Our society teaches us that our value in the world is reflected by our income. That means the more money you make, the more important you are to the world. However, in the nonprofit and education sectors, organizations demand a lot without giving much fiscal remuneration.
Yet many of us know that some of the most important work done anywhere in the world is done by people who work with young people and make small dollars, while some of the most ridiculous money is paid to private sector who do nothing to make a discernible difference in the world.
Given that elastic understanding, its easy to see how a lot of adult allies to youth get burned out, whether they are youth workers, counselors, teachers, coaches or otherwise. The stress of balancing self and youth, work and family, bills and jobs, and so much more can be hard and feel unrewarding at times.
Adult allies to youth have to learn to take care of their selves. In order to do that, you have to take care of the reason why you’re an adult ally: your own youth. Your youth is two things: First, it’s the time you lived when you weren’t seen as a child or as an adult. Second, it’s the young people you are meaningfully connected to right now, whether they’re your children, students, program participants or otherwise. Youth isn’t “yours” in terms of possession; it’s yours because you are engaged in youth, whether we’re talking about the time of your life or the people you serve.
You need to survive your youth if it’s affecting your adulthood in negative, hard or challenging ways.
Over the past 20 years, the Freechild Institute has facilitated self-care learning for thousands of teachers, youth workers and other adults who work with youth. Many people have shared that their awareness of the adverse childhood experiences they lived through as young people shine through in their current jobs. They specifically work to support young people growing up with abuse, household challenges and/or neglect, and they’re very committed. These people are surviving youth.
3 Ways to Take Care of Your Youth
Many people are taking care of their own youth at the same time they’re working to support young people. When we work within these realities, we have to be precautious, patient and promising for ourselves. Here are three ways you can take care of your youth.
1. Be Cautious. Your experiences make you relatable and grant you powers of reciprocity. However, they can make you vulnerable, too. If you haven’t addressed your childhood trauma intentionally, if you haven’t addressed your wounds and sought healing, then be precautious. Even if you have dealt with your suffering and challenges but still hyper-react, overreact or otherwise act disproportionately to the situations, you might need to continue being precautious. Take care of your heart.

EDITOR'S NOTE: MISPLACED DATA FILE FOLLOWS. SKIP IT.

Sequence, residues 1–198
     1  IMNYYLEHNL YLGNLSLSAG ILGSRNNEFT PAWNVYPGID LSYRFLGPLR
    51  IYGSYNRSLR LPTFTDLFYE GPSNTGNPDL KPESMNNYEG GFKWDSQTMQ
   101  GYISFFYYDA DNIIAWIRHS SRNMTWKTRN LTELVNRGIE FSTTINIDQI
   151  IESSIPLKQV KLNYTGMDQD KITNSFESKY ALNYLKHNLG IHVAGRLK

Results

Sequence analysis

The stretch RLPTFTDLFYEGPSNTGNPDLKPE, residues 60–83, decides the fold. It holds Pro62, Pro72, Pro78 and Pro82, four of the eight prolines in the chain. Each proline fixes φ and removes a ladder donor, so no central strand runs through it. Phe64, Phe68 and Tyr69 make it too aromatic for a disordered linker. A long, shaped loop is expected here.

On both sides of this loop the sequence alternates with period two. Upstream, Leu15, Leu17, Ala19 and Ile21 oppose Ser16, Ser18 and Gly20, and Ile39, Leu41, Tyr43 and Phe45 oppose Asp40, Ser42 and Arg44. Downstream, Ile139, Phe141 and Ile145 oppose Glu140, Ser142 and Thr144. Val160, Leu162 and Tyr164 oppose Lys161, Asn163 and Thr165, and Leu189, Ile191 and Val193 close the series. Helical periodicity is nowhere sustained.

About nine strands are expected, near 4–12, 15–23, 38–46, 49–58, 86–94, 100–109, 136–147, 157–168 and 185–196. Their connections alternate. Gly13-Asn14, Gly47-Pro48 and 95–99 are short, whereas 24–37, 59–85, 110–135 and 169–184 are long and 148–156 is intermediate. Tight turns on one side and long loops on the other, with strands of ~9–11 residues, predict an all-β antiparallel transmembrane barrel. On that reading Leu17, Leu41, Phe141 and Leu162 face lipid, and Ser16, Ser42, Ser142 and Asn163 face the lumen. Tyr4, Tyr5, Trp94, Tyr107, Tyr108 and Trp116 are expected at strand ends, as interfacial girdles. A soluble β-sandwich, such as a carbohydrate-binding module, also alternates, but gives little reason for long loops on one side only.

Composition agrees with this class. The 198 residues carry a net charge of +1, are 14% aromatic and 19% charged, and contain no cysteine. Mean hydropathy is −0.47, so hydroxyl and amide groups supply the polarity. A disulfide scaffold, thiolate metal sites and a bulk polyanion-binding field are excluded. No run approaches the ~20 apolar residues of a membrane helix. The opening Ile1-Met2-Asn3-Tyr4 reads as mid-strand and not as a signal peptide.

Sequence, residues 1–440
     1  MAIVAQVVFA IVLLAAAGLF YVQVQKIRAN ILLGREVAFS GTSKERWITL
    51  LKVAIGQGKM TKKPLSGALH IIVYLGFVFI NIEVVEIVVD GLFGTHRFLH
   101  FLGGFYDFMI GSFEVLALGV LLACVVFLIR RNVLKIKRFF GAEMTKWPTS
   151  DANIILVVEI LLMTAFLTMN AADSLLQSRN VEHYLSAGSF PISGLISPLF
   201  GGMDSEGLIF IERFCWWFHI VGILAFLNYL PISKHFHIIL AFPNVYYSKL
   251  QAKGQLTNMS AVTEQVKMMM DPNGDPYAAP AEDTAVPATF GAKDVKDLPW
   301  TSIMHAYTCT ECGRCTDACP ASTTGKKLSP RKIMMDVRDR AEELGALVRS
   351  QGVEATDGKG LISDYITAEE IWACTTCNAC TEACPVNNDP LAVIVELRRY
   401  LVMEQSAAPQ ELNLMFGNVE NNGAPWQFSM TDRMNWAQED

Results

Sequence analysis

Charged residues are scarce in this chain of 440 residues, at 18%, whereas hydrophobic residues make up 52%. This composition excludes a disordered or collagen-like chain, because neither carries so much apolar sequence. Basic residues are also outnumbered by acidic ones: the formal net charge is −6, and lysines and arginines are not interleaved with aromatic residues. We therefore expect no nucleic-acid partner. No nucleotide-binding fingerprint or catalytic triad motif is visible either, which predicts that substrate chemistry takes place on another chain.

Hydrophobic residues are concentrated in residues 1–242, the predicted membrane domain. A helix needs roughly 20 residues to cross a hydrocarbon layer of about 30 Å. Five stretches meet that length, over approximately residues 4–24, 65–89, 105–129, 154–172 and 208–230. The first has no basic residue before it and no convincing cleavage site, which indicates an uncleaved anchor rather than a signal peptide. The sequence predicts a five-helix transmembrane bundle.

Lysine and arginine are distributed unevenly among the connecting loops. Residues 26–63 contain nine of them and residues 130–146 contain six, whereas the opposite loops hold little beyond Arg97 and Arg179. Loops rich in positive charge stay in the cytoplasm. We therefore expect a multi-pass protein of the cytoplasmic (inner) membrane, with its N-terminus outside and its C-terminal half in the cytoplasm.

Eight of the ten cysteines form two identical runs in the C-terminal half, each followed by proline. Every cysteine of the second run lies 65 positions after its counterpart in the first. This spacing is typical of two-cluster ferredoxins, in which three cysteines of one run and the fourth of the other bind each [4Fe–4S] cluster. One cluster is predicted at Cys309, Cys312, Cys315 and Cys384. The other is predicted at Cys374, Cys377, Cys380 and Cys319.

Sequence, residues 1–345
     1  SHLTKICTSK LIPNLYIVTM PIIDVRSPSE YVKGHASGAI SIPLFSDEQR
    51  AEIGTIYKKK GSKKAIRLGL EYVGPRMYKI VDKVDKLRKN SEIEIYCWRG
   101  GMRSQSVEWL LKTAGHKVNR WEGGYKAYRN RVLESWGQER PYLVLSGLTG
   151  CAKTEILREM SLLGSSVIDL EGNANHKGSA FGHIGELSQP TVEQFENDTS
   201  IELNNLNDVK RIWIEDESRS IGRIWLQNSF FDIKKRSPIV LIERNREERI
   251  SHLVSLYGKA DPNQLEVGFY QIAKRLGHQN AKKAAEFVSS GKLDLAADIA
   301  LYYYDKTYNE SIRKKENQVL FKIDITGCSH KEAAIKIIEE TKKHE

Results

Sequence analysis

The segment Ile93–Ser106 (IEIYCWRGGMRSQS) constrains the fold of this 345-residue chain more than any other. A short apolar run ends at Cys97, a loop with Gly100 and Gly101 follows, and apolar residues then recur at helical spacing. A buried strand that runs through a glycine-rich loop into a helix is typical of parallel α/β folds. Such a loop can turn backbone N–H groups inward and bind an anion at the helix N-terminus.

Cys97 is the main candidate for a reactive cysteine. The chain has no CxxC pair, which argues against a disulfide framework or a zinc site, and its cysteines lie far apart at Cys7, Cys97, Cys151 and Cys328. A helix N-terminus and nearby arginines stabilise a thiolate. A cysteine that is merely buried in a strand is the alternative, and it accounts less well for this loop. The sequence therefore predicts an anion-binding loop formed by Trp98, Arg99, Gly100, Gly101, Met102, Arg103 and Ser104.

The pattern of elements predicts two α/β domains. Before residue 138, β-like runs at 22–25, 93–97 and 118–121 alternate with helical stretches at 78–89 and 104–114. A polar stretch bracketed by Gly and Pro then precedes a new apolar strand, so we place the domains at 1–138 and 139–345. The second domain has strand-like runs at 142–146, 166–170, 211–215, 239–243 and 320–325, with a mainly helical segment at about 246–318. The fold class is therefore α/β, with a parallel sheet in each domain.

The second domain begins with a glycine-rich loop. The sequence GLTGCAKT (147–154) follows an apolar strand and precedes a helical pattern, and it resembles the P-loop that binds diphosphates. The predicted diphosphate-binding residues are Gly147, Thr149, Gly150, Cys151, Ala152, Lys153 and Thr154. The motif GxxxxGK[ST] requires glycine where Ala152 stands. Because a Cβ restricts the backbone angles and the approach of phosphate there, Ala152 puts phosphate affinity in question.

2. Be Patient. While you may want to challenge your own inabilities or charge into changing yourself and the world, you should be patient. Your calmness and self-control can be a model for the young people you work with, however you positively express them. If you feel anxious, excited or too ambitious, be patient and know that the challenges of your younger years are teaching you right now. Allow calmness to hold your heart.
3. Be Promising. Seeing a greater picture, understanding the wider world and knowing the best possibilities are the best way to be promising to yourself. Don’t make promises you can’t keep, and don’t promise things you can’t follow through. However, hold your heart accountable, listen to your intuition and keep yourself true and honest with what you know best. Set the bar for your heart and keep yourself accountable.
Surviving your youth is essential to being a hopeful, supportive and effective adult ally to children and youth. The steps above can help you understand where to begin doing that. There are a number of great resources emerging in the field, and more organizations are supporting their staff dealing with their trauma as well as promoting trauma informed care throughout education, youth services, at home, throughout communities, and beyond.
However, ultimately you need to deal with your youth. Soothing the inner challenges can only go so far, and these steps are simply triage for the complex wounds you might have. Deal with those challenges, get help and move forward in your career, your family and throughout your life.
Adult Ally Toolkit
- Are YOU An Adult Ally?
- How Youth Become Adult Allies
- Be An Adult Ally to Youth
- Traits of Adult Allies
- Self-Care for Adult Allies to Youth
- Adult Perspectives of Youth
- Youth/Adult Relationships Spectrum
- Introduction to Youth/Adult Partnerships
- Youth/Adult Partnerships Tip Sheet
- Youth and Adults
- Start Anywhere and Go Everywhere
OTHER TOOLKITS: Facing Adultism | Youth Voice | Youth Engagement | Youth Involvement | Youth Mainstreaming | Youth Action | Youth Rights
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